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Delfin J.,Robotics and Advanced Manufacturing Group | Becerra H.M.,Research Center en Matematicas | Arechavaleta G.,Robotics and Advanced Manufacturing Group
International Journal of Control

In this paper, we address the problem of humanoid locomotion guided from information of a monocular camera. The goal of the robot is to reach a desired location defined in terms of a target image, i.e., a positioning task. The proposed approach allows us to introduce a desired time to complete the positioning task, which is advantageous in contrast to the classical exponential convergence. In particular, finite-time convergence is achieved while generating smooth robot velocities and considering the omnidirectional waking capability of the robot. In addition, we propose a hierarchical task-based control scheme, which can simultaneously handle the visual positioning and the obstacle avoidance tasks without affecting the desired time of convergence. The controller is able to activate or inactivate the obstacle avoidance task without generating discontinuous velocity references while the humanoid is walking. Stability of the closed loop for the two task-based control is demonstrated theoretically even during the transitions between the tasks. The proposed approach is generic in the sense that different visual control schemes are supported. We evaluate a homography-based visual servoing for position-based and image-based modalities, as well as for eye-in-hand and eye-to-hand configurations. The experimental evaluation is performed with the humanoid robot NAO. © 2016 Taylor & Francis Source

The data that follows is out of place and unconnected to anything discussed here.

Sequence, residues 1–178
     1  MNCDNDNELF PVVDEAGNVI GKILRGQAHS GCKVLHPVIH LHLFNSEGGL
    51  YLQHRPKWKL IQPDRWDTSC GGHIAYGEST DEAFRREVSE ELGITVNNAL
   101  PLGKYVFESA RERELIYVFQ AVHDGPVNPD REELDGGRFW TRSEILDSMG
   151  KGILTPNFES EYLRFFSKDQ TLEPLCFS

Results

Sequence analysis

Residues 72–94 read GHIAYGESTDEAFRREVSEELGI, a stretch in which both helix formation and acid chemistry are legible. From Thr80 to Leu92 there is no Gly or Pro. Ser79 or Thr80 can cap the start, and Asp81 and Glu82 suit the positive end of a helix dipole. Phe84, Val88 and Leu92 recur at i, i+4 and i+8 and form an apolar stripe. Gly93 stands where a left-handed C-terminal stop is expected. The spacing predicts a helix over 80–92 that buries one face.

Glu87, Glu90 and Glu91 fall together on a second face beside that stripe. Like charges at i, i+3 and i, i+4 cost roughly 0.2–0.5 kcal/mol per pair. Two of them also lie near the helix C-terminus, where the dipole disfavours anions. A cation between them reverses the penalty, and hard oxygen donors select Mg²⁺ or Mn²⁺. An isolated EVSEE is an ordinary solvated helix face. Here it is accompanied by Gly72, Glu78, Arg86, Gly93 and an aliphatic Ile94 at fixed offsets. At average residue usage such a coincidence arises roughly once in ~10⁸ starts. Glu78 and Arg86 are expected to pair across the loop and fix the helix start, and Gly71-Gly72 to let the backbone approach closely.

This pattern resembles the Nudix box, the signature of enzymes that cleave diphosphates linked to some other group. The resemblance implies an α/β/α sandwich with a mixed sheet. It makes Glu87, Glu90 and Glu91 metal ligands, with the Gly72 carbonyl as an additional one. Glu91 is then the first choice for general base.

Delfin J.,Robotics and Advanced Manufacturing Group | Becerra H.M.,Research Center en Matematicas | Arechavaleta G.,Robotics and Advanced Manufacturing Group
IEEE-RAS International Conference on Humanoid Robots

In this paper, we propose an approach of following a visual path for humanoid navigation. The problem consists in computing appropriate robot velocities for the humanoid walking task from the visual data shared between the current robot view and a set of target images. Two types of visual controllers are evaluated: a position-based scheme and an image-based scheme. Both of them rely on the estimation of the homography model even for non-planar scenes. We assume that the sequence of target images is given and we focus on the controllers performance. Because classical visual path following controllers generate discontinuous robot velocities, we propose a generic controller (applicable for different types of visual feedback) to alleviate this issue, which is a main contribution of the paper. The stability of such controller is addressed theoretically and verified through experiments with a NAO humanoid robot. © 2014 IEEE. Source

Sanchez-Escobedo D.,Robotics and Advanced Manufacturing Group | Castelan M.,Robotics and Advanced Manufacturing Group
Pattern Recognition Letters